Northwestern Memorial, like other hospitals across the country, has canceled or delayed elective procedures and routine outpatient clinic visits to divert resources to COVID-19 treatment and prepare for a potential influx of coronavirus patients.

Northwestern Medicine cardiology fellow Baljash Cheema’s workflow has been dramatically reduced for the time being as he waits on call to attend to coronavirus patients. While he said he hasn’t had this much time off since his college summers, he is concerned about the second wave of medical attention that’s been put on the back burner because of the coronavirus.

“We don’t have a lot of patients coming into the hospital having heart attacks or heart failures, which is one of the most common reasons for hospital admissions anywhere in the country,” Cheema said. “It can’t be because people’s hearts are just suddenly working great. I’m anticipating a lot of hospitalizations for people that are sick at home right now who have not sought the care they need. That is going to come like a crash, for sure.”

Aparna Chatterjee, a psychiatry fellow at Northwestern Medicine who works in outpatient clinics with women during pregnancy and postpartum, said she is concerned that managing some very ill patients through outpatient telemedicine programs means they are not receiving the necessary support and care.

Chatterjee and Cheema are engaged but delayed their wedding, which was scheduled to take place in June. While Chatterjee said she’s been lucky to not have to worry about her fiance’s safety, she joked that she’s “definitely not used to having him home this much at all.”

Aderonke Pederson is a mother on top of being a psychiatrist at Northwestern Medicine and works to keep a balance between tending to her patients and homeschooling her children.

“Life is still happening in all those other domains and personally, it’s definitely overwhelming,” Pederson said. “But like what I tell my patients, it’s the matter of figuring out what you’re in control of and what you’re not in control of. If, on one day, I didn’t get through all the homeschooling tasks I’m not going to beat myself up for it.”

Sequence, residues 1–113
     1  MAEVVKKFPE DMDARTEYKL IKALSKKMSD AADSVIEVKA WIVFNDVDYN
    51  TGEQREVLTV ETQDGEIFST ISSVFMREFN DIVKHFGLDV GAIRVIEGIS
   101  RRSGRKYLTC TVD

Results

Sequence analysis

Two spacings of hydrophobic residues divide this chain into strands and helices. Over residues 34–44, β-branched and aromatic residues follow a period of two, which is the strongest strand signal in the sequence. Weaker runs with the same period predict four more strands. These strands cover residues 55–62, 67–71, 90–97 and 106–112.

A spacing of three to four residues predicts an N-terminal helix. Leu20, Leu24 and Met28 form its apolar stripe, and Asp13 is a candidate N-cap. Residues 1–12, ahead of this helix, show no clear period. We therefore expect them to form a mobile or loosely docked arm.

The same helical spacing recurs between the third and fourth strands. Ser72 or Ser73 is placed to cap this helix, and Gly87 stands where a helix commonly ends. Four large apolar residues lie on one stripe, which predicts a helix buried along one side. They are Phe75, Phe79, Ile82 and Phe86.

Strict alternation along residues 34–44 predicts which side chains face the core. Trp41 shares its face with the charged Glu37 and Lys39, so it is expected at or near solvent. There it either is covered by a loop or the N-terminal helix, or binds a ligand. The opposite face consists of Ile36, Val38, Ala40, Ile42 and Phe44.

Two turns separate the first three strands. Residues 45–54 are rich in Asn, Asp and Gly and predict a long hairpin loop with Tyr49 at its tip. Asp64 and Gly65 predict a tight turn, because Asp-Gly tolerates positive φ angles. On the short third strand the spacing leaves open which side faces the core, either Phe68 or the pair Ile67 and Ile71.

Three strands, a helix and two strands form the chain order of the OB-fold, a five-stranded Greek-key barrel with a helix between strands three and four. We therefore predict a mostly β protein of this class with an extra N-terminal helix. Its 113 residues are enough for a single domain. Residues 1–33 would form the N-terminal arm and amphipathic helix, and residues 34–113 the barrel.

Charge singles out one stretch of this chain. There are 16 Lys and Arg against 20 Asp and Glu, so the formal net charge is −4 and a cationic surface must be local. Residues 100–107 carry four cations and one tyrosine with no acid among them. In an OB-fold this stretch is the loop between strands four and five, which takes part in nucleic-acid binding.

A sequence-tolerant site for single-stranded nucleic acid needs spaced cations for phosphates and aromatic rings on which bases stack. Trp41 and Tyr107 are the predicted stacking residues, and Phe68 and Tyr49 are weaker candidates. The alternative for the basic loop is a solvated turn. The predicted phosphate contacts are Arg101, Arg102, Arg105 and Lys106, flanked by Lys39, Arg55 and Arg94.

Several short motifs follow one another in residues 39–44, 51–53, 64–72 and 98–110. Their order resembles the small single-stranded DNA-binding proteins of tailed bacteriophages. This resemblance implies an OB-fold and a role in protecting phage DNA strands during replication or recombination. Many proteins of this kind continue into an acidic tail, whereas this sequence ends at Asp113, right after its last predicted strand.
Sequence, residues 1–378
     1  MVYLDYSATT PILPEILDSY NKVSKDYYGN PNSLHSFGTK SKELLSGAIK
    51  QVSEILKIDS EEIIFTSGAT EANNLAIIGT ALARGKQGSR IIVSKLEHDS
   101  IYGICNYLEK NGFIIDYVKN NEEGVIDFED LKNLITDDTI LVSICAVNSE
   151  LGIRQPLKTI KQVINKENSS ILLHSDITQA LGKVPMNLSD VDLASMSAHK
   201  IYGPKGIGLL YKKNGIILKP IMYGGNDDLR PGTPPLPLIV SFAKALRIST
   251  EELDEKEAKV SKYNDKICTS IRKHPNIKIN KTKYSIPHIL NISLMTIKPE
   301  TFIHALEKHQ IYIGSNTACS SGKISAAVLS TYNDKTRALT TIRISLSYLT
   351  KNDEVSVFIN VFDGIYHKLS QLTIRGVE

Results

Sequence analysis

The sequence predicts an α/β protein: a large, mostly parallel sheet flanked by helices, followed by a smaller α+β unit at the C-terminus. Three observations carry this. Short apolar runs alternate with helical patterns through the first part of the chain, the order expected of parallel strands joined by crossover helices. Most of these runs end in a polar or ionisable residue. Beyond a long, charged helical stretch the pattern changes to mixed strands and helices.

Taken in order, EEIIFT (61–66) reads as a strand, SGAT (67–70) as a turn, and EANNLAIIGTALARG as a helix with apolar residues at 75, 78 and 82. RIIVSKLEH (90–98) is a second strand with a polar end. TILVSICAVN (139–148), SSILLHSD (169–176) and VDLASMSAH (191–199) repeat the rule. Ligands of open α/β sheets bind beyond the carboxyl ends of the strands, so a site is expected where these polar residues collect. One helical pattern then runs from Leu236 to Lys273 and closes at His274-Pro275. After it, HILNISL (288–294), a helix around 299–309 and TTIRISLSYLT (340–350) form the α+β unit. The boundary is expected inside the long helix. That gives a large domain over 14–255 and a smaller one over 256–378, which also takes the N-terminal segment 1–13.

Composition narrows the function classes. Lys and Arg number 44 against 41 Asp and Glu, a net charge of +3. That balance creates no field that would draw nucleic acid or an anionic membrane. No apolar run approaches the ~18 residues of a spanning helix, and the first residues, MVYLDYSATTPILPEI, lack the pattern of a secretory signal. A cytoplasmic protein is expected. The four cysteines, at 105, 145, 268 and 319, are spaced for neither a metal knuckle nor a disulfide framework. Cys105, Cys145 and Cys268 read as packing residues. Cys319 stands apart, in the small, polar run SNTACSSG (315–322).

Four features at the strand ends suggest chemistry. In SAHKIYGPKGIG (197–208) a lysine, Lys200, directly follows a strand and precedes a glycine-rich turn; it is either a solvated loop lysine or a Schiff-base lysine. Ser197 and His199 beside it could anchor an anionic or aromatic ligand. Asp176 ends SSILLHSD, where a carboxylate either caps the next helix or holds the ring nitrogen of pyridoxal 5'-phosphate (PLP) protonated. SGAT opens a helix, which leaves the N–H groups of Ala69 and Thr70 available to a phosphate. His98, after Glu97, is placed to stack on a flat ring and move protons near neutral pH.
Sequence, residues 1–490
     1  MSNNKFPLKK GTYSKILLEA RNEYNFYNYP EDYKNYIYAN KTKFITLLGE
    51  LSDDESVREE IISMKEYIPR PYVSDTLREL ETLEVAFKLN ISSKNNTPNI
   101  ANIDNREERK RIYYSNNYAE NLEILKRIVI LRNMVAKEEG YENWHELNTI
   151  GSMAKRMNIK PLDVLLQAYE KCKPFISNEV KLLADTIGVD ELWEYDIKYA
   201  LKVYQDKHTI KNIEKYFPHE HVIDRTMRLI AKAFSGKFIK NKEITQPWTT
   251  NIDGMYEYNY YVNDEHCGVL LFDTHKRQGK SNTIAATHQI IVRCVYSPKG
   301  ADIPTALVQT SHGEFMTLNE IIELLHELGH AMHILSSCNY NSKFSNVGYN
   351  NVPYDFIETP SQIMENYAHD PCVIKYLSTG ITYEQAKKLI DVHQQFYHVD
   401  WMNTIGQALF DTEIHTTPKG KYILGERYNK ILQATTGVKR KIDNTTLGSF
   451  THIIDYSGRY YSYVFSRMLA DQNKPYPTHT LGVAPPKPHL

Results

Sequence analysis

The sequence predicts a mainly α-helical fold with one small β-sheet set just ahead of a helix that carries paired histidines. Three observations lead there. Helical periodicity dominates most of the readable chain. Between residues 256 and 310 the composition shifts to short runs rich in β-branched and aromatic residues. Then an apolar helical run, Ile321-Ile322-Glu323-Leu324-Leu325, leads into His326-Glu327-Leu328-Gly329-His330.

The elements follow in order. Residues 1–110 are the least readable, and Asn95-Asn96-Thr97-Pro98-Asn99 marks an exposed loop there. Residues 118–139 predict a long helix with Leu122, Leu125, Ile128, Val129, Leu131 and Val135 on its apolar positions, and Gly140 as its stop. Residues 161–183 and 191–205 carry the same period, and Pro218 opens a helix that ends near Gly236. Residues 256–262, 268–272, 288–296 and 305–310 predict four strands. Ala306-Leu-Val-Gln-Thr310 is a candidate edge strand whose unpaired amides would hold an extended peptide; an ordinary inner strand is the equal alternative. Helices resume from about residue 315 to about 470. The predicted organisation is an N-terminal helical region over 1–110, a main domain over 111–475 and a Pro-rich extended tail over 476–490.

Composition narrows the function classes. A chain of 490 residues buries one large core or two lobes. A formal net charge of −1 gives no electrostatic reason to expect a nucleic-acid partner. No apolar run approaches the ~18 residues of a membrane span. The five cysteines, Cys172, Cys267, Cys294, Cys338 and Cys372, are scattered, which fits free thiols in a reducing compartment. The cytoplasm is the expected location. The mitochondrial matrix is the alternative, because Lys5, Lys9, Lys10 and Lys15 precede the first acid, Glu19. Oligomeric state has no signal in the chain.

Even though projections indicate Illinois cases will peak within the next two weeks, Northwestern healthcare providers are confident that the curve is flattening and cautiously optimistic that extreme measures have been effective. Still, they urged citizens to continue to stay indoors and practice social distancing to avoid undoing all of the progress that’s been made thus far.

“Just because things are doing well now doesn’t mean all the extreme measures we’ve been taking weren’t necessary,” Trueger said. “It’s like vaccines — the fact that I didn’t get measles or mumps doesn’t mean that I didn’t need to get the vaccine.”

Trueger said because there are still no treatments that have proven effective against the virus and no vaccine has been developed yet, there is “no question” that the situation will worsen dramatically if the rules are relaxed.

Eswaran said some patients have entered the hospital with oxygen levels lower than she’d ever seen. Eswaran said for her, the most rewarding moments have been seeing those patients, “the sickest of the sick” who had to be hooked up to a ventilator, discharged from the hospital with no more difficulties breathing on their own.

“A lot of people are dying. While that’s true, it’s really nice and reassuring to see that people do actually get better,” Eswaran said. “It’s those cases that’s helping everyone in the healthcare field move forward and know that what we’re doing is not completely futile and hopeless.”